Jesus said, “…when you fast, and when you pray.” He didn’t seem to offer an option.

So, if for no other reason, I do it because I believe Jesus asked us to.

“Is not this the kind of fasting I have chosen: to loose the chains of injustice and untie the cords of the yoke, to set the oppressed free and break every yoke? Is it not to share your food with the hungry and to provide the poor wanderer with shelter-when you see the naked, to clothe him and not to turn away from you own flesh and blood? Then your light will break forth like the dawn, and your healing will quickly appear; then your righteousness will go before you and the glory of the Lord will be your rear guard. Then you will call, and the Lord will answer; you will cry for help, and he will say: Here I am.” (Isaiah 58:6-9)

Monday, April 14, 2014

Monday of Holy Week: Melanie's apple tree, Luther, and planting hope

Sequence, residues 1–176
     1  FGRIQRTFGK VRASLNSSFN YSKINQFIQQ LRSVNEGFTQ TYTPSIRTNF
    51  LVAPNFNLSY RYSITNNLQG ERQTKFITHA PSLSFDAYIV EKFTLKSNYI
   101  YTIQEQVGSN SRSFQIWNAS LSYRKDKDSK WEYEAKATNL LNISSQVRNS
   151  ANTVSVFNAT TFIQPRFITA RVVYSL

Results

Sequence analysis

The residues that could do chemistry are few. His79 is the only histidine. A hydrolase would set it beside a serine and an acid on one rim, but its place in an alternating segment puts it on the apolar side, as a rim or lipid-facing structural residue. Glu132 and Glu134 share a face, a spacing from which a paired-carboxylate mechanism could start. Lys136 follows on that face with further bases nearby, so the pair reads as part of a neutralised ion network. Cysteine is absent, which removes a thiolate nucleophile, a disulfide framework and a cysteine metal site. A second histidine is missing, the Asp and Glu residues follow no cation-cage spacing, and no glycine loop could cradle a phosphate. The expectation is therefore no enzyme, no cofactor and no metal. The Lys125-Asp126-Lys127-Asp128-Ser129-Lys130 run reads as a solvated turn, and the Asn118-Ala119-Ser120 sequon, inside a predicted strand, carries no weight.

My neighbor’s apple tree branches over into my yard each spring allowing the people at my house to enjoy the blossoms.

 
Later in the year, the deer make nightly excursions to devour apples that hang on its low branches. The tree was planted by the family who first built the house next door— my dear friends, Margaret, Mell, and their daughter Melanie. In fact, Margaret used to call it Melanie’s apple tree as her daughter planted it when she was just a little girl. Mell died at the turn of the century, Margaret died one Good Friday a few years ago, and Melanie has long moved from the house and is now retired, but her apple tree still produces fruit.

The 16th century Protestant Reformer, Martin Luther, loved trees. According to this source, “The fresh Spring green of the trees was for him a symbol for the resurrection of the dead. It is said that in the trees he beheld divine grace in earthly life.” The legends about his love for trees are profuse, and around 1944 at a time when so many were looking for hope in the midst of the devastation of the Second World War, someone may have slipped in another one. There are several variations of a quote supposedly spoken by Luther, but one is, “Even if I knew that tomorrow the world would go to pieces, I would still plant an apple tree today."

Only God knows if Luther actually said this. Whether he did or not, the image it conjures of kneeling in the dirt, and planting a tree during the horrors of war is the very essence of hope.